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AB0882 Coexistence of systemic lupus eryhematosus and ankylosing spondylitis a case report and review of the literature
  1. F. Tarhan1,
  2. M. Argın2,
  3. G. Can1,
  4. M. Ozmen1,
  5. G. Keser3
  1. 1Rheumatology, Ataturk Training and Research Hospital
  2. 2Radiology
  3. 3Rheumatology, Ege University Medical Faculty, Izmir, Turkey


Background Systemic lupus erythematosus (SLE) is a chronic inflammatory disease of unknown etiology that may affect the skin, joints, kidneys, lungs, nervous system, serous membranes, and/or other organs of the body. Ankylosing spondylitis (AS) is a chronic inflammatory disease of the axial skeleton manifested by inflammatory back pain and progressive stiffness of the spine. These two autoimmune rheumatologic diseases, which have different etiopathogenesis, as well as diverse clinical and genetic characteristics, are seldom seen together.

Objectives Hereby, we present a 55-year-old female patient, being followed up with the diagnosis of SLE with locomotor, skin, renal and hematopoetic system involvement for eight years, who also suffered from inflammatory low back pain approximately for the last four months.

Results Sacroiliac magnetic resonance imaging (MRI) confirmed the presence of bilateral sacroiliitis and HLA-B27 was positive. So, additional diagnosis of AS was made eight years after the diagnosis of SLE. Her laboratory test results were as follows: white blood cell count 3.85/μl (4.60-10.2), hemoglobin10.4g/dL (12.2-18.1), antinuclear antibody test 1/320 granular, anti-double-stranded DNA positive, Complement 3 65 mg/dl (83-193), Complement 4: 3 mg/dl (15-57). Renal biopsy was performed, and histopathological examination showed membranous glomerulonephritis, consistent with class V lupus nephritis. Inflammatory low back pain responded to treatment with non-steroidal anti-inflammatory drugs.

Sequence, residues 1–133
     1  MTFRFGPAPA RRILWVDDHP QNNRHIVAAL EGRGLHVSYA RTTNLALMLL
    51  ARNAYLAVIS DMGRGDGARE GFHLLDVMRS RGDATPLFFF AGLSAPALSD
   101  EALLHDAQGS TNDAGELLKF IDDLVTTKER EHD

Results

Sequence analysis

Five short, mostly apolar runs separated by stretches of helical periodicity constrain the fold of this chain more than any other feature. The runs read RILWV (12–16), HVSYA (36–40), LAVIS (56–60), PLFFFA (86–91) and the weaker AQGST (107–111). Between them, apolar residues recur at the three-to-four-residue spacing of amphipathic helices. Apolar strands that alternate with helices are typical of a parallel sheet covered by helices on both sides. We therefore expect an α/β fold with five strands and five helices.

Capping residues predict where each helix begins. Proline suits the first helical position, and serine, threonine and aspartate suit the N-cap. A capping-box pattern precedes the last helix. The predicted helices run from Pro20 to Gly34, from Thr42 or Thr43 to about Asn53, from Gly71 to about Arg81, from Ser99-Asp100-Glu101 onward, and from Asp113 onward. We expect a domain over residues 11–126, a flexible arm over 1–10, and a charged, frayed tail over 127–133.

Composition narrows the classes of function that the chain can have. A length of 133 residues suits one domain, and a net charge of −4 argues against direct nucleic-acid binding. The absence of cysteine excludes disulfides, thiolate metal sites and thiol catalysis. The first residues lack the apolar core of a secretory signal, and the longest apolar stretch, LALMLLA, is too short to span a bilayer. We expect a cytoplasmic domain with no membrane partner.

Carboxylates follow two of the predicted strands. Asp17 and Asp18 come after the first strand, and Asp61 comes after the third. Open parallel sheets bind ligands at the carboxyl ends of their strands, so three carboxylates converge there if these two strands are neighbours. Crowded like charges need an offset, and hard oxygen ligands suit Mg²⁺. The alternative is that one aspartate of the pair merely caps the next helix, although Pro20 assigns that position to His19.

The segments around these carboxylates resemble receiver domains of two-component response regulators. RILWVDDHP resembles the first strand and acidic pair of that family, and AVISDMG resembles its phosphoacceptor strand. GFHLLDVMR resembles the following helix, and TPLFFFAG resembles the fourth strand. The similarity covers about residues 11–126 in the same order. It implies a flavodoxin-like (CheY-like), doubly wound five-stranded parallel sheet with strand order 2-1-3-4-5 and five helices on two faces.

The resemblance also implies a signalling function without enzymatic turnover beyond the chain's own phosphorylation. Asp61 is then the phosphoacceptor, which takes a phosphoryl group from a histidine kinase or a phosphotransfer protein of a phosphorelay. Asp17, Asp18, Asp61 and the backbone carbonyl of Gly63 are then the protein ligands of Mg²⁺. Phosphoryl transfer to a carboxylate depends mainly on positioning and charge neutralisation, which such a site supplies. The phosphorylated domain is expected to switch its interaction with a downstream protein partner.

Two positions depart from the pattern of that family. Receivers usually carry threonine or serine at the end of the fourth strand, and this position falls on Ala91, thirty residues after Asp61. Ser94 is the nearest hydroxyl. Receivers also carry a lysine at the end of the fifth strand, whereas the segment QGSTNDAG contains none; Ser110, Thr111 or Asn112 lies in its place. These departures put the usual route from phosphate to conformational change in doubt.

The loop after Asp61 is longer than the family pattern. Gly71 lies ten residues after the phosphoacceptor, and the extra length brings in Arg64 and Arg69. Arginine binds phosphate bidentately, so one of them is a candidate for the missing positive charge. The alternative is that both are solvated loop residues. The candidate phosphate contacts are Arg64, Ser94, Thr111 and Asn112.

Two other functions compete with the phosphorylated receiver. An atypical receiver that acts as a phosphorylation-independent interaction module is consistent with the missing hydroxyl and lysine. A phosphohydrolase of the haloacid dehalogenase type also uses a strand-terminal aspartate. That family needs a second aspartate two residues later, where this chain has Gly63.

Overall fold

Conclusions Including the present case, most of the reported cases of SLE and AS coexistance are females and generally SLE precedes the occurence of AS[1]. The present case is also notable with having MRI confirmation of bilateral active sacroiliitis with bone marrow edema. The coexistance of these two diseases with different genetic bacgrounds and clinical symptoms may implicate the importance of shared enviromental factors.

  1. Mrabet D, Rekik S, Sahli H, Trojet S, Cheour I, Eleuch M et al (2011) Ankylosing spondylitis in female systemic lupus erythematosus: a rare combination. Lupus 20(14):777-8

Disclosure of Interest None Declared

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